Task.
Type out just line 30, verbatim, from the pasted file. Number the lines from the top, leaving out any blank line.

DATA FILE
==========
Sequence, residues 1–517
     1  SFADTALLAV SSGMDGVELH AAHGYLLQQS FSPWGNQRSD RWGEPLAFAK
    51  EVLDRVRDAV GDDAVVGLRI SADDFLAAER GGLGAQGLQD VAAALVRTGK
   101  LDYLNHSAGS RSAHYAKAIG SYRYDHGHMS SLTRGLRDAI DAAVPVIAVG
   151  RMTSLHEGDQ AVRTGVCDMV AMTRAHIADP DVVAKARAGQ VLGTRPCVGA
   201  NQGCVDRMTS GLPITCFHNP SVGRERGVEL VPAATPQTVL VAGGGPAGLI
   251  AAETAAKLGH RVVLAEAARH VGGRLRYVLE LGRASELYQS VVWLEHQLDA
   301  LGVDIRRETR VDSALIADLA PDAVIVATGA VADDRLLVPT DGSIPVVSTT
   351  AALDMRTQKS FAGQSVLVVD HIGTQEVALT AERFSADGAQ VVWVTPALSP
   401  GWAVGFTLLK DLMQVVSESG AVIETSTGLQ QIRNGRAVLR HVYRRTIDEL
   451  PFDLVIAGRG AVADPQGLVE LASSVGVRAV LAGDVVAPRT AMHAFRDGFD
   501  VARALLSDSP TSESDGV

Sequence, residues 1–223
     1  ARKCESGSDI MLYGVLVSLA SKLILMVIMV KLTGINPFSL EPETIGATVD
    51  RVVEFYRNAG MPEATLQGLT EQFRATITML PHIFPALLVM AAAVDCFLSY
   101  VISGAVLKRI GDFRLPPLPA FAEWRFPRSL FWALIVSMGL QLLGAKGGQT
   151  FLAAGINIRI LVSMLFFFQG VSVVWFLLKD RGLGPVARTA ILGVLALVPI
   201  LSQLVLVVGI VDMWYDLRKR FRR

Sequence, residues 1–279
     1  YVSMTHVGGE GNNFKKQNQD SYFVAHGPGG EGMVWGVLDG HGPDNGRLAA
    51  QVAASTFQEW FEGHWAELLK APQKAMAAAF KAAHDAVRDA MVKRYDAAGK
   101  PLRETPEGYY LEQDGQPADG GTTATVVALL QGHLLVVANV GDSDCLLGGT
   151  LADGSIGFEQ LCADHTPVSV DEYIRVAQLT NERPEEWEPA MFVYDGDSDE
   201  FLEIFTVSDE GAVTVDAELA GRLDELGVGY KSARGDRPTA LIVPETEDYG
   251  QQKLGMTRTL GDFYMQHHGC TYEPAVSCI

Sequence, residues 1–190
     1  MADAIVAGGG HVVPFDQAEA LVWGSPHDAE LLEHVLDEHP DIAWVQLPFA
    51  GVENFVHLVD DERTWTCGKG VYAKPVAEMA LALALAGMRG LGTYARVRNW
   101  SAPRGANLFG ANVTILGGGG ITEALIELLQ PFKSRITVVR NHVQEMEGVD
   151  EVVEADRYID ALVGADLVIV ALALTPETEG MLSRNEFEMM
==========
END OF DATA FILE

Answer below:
   151  EVVEADRYID ALVGADLVIV ALALTPETEG MLSRNEFEMM